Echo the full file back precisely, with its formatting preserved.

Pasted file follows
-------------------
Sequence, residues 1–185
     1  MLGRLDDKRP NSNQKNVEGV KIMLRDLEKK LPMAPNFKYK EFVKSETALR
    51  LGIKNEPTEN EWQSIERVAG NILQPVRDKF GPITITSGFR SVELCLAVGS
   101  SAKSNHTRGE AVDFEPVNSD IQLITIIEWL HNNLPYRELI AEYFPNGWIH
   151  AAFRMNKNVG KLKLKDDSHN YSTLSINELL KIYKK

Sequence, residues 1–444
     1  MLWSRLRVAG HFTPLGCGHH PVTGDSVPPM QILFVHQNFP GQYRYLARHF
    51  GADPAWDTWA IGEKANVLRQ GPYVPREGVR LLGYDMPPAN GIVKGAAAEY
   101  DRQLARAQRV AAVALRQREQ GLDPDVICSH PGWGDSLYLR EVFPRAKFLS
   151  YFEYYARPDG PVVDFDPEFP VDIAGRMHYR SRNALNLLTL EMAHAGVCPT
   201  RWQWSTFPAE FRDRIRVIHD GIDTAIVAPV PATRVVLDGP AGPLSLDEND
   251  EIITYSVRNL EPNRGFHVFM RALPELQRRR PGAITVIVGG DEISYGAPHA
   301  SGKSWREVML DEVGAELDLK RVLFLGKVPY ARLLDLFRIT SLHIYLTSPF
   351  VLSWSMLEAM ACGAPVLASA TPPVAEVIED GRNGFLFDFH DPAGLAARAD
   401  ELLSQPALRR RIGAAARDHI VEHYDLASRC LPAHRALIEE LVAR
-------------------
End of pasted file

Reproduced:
Sequence, residues 1–185
     1  MLGRLDDKRP NSNQKNVEGV KIMLRDLEKK LPMAPNFKYK EFVKSETALR
    51  LGIKNEPTEN EWQSIERVAG NILQPVRDKF GPITITSGFR SVELCLAVGS
   101  SAKSNHTRGE AVDFEPVNSD IQLITIIEWL HNNLPYRELI AEYFPNGWIH
   151  AAFRMNKNVG KLKLKDDSHN YSTLSINELL KIYKK

Sequence, residues 1–444
     1  MLWSRLRVAG HFTPLGCGHH PVTGDSVPPM QILFVHQNFP GQYRYLARHF
    51  GADPAWDTWA IGEKANVLRQ GPYVPREGVR LLGYDMPPAN GIVKGAAAEY
   101  DRQLARAQRV AAVALRQREQ GLDPDVICSH PGWGDSLYLR EVFPRAKFLS
   151  YFEYYARPDG PVVDFDPEFP VDIAGRMHYR SRNALNLLTL EMAHAGVCPT
   201  RWQWSTFPAE FRDRIRVIHD GIDTAIVAPV PATRVVLDGP AGPLSLDEND
   251  EIITYSVRNL EPNRGFHVFM RALPELQRRR PGAITVIVGG DEISYGAPHA
   301  SGKSWREVML DEVGAELDLK RVLFLGKVPY ARLLDLFRIT SLHIYLTSPF
   351  VLSWSMLEAM ACGAPVLASA TPPVAEVIED GRNGFLFDFH DPAGLAARAD
   401  ELLSQPALRR RIGAAARDHI VEHYDLASRC LPAHRALIEE LVAR